Boulder families may soon no longer need to drive elsewhere to find child care. In the middle of the night, the child care building drove to them.

It took nearly six hours to crawl the 42.7 miles from Jim Darcy Elementary School north of Helena to Boulder Elementary School, averaging a bit over 7 mph in single-digit temperatures—but after months of planning and wrangling over funding, a building that the city of Boulder purchased to serve as a child care facility arrived at its new home on West Fourth Avenue around 6 a.m. on Dec. 16, after setting out on its journey at 12:01 a.m.

Crews from Tamietti & Son House Moving & Heavy Hauling towed the building, which was purchased with American Rescue Plan Act funds given to Boulder by Jefferson County, along two-lane roads through the Helena Valley, entirely avoiding Interstate 15 until Montana City. They carefully maneuvered the building east along Lincoln Road, south down Glass Drive to Masonic Home Road and then south down a frontage road. They then moved east on Custer Avenue/Canyon Ferry Road to a southbound run on Wylie Drive/Fourth Street into East Helena. From there, the building briefly rolled east on U.S. Route 287 in East Helena before turning south onto state Route 518, which led to I-15 in Montana City.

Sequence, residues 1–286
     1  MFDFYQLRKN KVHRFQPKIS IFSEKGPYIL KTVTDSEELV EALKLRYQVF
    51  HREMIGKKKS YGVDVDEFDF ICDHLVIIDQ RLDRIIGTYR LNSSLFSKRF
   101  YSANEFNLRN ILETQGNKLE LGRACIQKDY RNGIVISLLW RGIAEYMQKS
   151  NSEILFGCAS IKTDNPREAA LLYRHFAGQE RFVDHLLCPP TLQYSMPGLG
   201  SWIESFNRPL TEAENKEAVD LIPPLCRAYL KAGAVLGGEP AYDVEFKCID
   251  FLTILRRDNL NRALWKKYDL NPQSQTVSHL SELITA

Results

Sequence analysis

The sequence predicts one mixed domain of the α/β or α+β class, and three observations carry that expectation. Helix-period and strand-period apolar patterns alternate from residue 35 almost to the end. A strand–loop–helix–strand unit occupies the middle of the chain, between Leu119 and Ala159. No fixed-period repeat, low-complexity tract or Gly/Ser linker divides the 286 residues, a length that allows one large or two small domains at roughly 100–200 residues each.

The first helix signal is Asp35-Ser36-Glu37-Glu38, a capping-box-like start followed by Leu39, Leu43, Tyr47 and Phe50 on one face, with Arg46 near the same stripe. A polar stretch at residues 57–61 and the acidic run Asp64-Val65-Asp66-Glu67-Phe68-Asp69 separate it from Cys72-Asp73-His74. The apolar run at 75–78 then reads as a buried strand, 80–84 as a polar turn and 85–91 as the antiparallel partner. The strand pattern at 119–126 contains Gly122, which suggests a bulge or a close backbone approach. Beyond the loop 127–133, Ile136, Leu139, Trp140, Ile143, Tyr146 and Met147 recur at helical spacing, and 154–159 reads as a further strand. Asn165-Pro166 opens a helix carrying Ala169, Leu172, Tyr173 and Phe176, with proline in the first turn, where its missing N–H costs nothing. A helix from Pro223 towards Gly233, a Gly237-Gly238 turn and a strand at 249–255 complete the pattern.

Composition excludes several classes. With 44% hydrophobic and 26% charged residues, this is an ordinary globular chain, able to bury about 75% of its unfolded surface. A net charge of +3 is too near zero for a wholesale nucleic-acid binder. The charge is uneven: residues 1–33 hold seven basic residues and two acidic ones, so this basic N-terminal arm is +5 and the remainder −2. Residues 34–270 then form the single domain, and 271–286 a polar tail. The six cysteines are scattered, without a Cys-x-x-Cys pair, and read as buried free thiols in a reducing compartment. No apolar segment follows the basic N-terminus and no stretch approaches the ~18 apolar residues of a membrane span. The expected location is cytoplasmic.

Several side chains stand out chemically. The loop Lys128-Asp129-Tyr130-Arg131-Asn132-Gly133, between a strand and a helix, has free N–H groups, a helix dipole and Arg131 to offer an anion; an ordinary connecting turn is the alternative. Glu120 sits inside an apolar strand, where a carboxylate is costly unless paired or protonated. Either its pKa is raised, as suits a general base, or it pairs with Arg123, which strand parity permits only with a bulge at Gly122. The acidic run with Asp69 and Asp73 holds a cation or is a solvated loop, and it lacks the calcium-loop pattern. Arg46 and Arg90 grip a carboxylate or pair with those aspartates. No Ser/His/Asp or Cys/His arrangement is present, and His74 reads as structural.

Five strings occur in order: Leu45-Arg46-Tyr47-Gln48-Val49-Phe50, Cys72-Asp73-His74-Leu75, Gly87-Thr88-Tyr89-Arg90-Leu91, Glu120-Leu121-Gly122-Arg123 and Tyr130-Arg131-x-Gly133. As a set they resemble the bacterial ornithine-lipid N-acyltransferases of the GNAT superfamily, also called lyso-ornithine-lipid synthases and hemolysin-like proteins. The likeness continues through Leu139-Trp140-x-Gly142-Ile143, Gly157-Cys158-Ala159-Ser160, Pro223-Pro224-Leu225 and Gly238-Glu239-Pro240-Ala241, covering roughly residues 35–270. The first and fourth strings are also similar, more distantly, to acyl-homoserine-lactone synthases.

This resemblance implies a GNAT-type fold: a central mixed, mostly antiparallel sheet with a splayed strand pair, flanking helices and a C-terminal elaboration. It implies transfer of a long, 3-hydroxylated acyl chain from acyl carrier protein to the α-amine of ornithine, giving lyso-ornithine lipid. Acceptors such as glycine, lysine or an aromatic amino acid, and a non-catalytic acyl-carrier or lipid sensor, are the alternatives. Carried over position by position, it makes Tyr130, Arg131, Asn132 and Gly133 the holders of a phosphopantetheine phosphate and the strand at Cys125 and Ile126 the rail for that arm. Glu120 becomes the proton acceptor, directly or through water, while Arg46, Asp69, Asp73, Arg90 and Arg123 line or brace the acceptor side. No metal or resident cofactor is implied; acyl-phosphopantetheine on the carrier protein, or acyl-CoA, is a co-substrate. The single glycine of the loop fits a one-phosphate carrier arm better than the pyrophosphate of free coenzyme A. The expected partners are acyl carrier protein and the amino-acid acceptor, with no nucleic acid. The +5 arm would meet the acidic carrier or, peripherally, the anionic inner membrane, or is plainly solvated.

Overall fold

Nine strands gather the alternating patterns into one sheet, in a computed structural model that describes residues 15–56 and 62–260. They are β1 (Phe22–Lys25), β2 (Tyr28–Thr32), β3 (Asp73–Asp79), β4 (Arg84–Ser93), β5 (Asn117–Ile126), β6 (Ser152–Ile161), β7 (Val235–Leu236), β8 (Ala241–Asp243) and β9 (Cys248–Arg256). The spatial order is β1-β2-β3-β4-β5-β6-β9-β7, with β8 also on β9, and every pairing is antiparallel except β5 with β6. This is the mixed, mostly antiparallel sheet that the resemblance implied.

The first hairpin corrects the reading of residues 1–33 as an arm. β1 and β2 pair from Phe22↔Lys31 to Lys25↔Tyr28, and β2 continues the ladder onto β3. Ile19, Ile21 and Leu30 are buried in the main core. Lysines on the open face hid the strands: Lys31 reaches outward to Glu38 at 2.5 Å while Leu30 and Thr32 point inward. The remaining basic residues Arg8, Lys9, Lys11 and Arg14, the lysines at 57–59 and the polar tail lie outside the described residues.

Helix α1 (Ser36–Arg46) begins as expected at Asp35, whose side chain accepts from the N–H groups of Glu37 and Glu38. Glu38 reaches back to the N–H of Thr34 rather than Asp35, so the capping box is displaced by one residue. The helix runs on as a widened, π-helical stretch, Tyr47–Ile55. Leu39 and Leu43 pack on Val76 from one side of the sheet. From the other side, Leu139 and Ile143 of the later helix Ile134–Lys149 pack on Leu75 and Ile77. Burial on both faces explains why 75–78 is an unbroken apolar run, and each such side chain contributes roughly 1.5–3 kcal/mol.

Once on the interstate, the building cruised past Clancy and Jefferson City, over the Boulder Hill and down Boulder's Main Street. Crews steered the building onto West First Avenue at L&P Grocery, then down Monroe Street for a few blocks before turning onto West Fourth Avenue and parking the building alongside the newly poured foundation where it will soon sit, directly behind Boulder Elementary School. 

Along the journey, crews from utility companies and their contractors traveled ahead of and alongside the building, measuring telecommunication cable clearances. Workers hoisted in bucket trucks lifted lines by hand when necessary, holding them just inches above the building's roof as it passed by, lowering the lines once the building passed, and then taking a different route to leapfrog ahead of the building and assess the next set of lines the building would pass under. 

For full coverage, read the Dec. 22 issue of The Monitor. 

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